Improvisation, music and learning: an Interpretive Phenomenological Analysis


Improvisation, music and learning: an Interpretive Phenomenological Analysis
This thesis explores the creative process of improvisation in music with a specific emphasis on investigating its potential for learning. The widespread practice of improvisation in music is relatively absent from education and there is an urgent need to more fully understand improvisation’s processes.
A broad body of knowledge of improvisation in music has developed within the international community of musicians whose practice is centred on improvisation and an understanding of this knowledge could become highly relevant for a variety of educational contexts. Ten highly experienced, world leading improvisers from Europe and North America took part in semi-structured interviews and were asked the over-arching question: What is the place of improvisation in your practice? Interpretive Phenomenological Analysis was the chosen method for the enquiry.
Chapter 1 describes the background for the research into the potential of improvisation. It explains the development of thinking leading to the research project in the context of reflexivity and reflective practice. Chapter 2 describes the terms of reference and background to developments in improvisation and free improvisation in music in the Europe and North America. In Chapter 3 the practice of improvisation is discussed in relation to kinds of knowledge, creativity and
pedagogy, and includes reference to pertinent literature. In Chapter 4 the qualitative research approach of Interpretive Phenomenological Analysis (IPA) is described together with its particular theoretical features. The improvisational practices of the participants’ lifeworld are explored by means of a hermeneutic approach within the eidetic process.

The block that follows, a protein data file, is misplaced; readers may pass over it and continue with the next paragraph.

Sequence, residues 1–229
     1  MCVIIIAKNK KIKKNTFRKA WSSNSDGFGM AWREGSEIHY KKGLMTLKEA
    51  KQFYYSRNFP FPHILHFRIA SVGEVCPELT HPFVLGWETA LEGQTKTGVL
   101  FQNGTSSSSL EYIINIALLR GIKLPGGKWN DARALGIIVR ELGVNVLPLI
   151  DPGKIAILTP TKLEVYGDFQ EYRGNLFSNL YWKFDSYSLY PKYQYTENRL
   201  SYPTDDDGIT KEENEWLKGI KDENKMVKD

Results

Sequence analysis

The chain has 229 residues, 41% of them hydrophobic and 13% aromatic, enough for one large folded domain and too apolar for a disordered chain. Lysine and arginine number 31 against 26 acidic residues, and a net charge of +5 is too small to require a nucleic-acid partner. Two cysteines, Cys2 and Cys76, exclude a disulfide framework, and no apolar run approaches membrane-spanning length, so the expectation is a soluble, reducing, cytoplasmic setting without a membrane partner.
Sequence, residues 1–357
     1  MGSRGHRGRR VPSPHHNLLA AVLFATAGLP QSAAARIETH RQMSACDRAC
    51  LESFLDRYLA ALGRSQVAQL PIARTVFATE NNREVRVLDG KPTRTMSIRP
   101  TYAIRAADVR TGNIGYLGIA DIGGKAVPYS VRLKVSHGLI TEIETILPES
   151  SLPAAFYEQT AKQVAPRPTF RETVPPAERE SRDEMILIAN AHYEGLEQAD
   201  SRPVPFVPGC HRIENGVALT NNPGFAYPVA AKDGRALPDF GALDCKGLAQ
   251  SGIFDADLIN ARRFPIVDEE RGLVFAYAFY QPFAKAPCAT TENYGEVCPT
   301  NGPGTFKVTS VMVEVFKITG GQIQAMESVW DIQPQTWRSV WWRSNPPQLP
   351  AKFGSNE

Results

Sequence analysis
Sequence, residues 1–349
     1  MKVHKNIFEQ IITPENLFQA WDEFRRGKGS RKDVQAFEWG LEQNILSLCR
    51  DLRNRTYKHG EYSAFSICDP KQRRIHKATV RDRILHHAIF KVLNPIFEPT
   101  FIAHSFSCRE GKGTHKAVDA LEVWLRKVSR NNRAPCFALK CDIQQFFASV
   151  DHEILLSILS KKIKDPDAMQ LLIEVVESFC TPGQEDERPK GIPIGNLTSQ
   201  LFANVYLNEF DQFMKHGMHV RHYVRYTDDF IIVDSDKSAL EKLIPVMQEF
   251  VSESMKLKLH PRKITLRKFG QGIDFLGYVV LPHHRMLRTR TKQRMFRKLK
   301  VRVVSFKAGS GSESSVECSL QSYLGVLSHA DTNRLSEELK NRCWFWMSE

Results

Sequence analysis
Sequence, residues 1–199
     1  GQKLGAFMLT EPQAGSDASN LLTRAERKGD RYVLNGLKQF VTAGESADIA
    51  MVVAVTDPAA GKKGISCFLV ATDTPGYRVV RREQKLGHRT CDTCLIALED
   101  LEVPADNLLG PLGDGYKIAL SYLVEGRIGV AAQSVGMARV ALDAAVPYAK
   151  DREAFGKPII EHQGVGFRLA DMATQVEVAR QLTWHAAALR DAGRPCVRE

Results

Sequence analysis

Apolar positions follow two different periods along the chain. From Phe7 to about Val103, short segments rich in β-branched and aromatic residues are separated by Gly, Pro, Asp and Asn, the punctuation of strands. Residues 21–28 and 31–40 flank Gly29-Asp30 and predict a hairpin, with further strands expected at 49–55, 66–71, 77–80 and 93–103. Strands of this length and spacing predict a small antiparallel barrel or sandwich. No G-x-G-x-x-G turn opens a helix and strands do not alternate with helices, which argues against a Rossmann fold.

Research findings are presented in Chapters 5,6,7,8 and 9 through analysis and interpretations of the super-ordinate themes of free improvisation. The first half of each of these chapters develops the hermeneutic idiographic and interpretation of the analysis. The second half of each chapter further contextualises the themes through discussion that includes reference to, and discussion of literature from different disciplines. In Chapter 5, ‘Describing the free improvisation phenomenon,’ the socio-musical context of improvisation is explored, and the way this relates to inclusive education is discussed. The practice of improvisation as composition and the improviser as composer are also discussed. Free improvisation was found to form connections to the theme of environment in a number of ways and the agency of free improvisation is explored in relation to the concept of being-in-the-world. Free improvisation’s relationship with language and specifically metaphor is also explored. In Chapter 6, ‘Free improvisation and learning,’ formal and non-formal learning, and academic practices are discussed. The special significance of ‘live’ performance for learning is described. Participation in free improvisation is interpreted as providing an opportunity for autonomous creative expression, within a democratised educational setting. The role of the teacher in improvisation is